Inner Progress

To live a life of inner progress to enlightenment, the mind needs to be pacified, purified and transcended. What begins with pacifying the mind—producing calm on its surface—develops into a deeper process called purification. Normal mental activity keeps our mind occupied with finite affairs, sometimes trivial, sometimes significant. But those who have rendered the inner life tranquil and harmonious tell of an enhancement of experience which has its source in the deepest level of our being. This enhancement is characterised by peace, joy and a sense of knowing, independent of external factors.

Can such a mental condition really be brought about? Surely the mind is active by nature, and needs to be so in order to survive in the world of nature. Thus our mind is destined to remain as active as it is right now.

But this is not completely the case. Even through such simple exercises as deep breathing, the mental activity can be calmed down, and there are ways of holding ourselves back from the flow of thoughts, so that thoughts do not ramify due to our interest.

We may suggest that two kinds of thought visit our mind. There are those thoughts that are relatively superficial, and will pass on quickly if we allow them to. For instance, we hear the horn of a car; but we have no reason to go on thinking about it, unless it has a special meaning for us. Or we may be within earshot of a conversation, but unless its content bears on our own interests, we would probably give it no further thought. Much of our mental traffic is of this kind.

We may fancifully call this kind of ephemeral mental activity ‘parakeet thoughts’. Small green parakeets have proliferated in some urban areas in recent years, and flocks may be viewed flying from one treetop to another. These fast-moving creatures appear suddenly, perch for a second or two, and then are gone from sight. Thus like parakeets, the thoughts dart into our mind, squawk briefly, so to say, and then they are gone before you have a chance to give them attention. Similarly, when we meditate, we can learn not to follow the ephemeral pictures and suggestions. How? By negating them consciously, with such formulas as: ‘Not wanted. Pass on. You are passing illusions.’ Thus we hold back from engaging with these passing images, and they go their way.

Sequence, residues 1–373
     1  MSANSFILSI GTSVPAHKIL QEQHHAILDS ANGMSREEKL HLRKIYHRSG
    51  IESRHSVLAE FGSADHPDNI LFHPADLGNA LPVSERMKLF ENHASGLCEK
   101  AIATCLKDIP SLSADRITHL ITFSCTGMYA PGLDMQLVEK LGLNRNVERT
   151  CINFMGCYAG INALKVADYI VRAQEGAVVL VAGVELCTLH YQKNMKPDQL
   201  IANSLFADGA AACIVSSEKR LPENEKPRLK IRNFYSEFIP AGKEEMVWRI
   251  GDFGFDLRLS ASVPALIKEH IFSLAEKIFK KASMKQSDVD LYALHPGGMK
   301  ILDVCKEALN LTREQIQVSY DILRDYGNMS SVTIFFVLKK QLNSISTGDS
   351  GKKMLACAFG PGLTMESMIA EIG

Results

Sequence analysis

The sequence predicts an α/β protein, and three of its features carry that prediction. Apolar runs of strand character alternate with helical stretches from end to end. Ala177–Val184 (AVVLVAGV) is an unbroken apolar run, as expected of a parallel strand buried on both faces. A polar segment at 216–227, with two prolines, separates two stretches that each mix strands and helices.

Then there are more troublesome thoughts. These include thoughts to do with our desires, fears, hopes, worries. They are often related to our self-image—our private self-assessment. Such thoughts cling to us if they are allowed to. They don’t want to be told: ‘Keep moving!’ We can call these ‘pigeon thoughts’. This is because pigeon thoughts love to stay around, especially if we give them the food of our attention. These old emotionally-linked preoccupations are rooted in our memories and seem to have a life of their own, capable of increase, as more and more past associations revive in our mind. It is like those pigeons. Put down food for one or two of them, and within seconds there will be a small colony.

This kind of self-absorption may at times be necessary, but it has no relevance to our meditative quest and much of its content is best forgotten. How can we liberate our meditation practice from this kind of distraction—from these pigeon thoughts? This is part of the process we have referred to as the purification of the mind. As a short-term tactic we can also confront such thoughts with the powerful negation of ‘not wanted, not wanted’. This is to treat the pigeons as if they were parakeets—to meet them with indifference.

But the real strategy is based on what we do with our mind outside the special time of meditation. Will power and technique are not enough. What will neutralise these deeper disturbing factors is the power of attraction—the higher attraction—for the teachings on Self-knowledge, with their promise of bliss, liberation, peace and perfection. And if this becomes our main interest in life, the old grievances and unfulfilled desires will lose their radiance, like a small torch compared with the daylight sun.

So our strategy is to allow our attention to be captured by interests of the highest quality, that are in harmony with our ultimate quest. Then our mind will naturally develop the refinement, discrimination and will-power it needs, to keep its focus on the highest value.

This article is from the Autumn 2021 issue of Self-Knowledge Journal.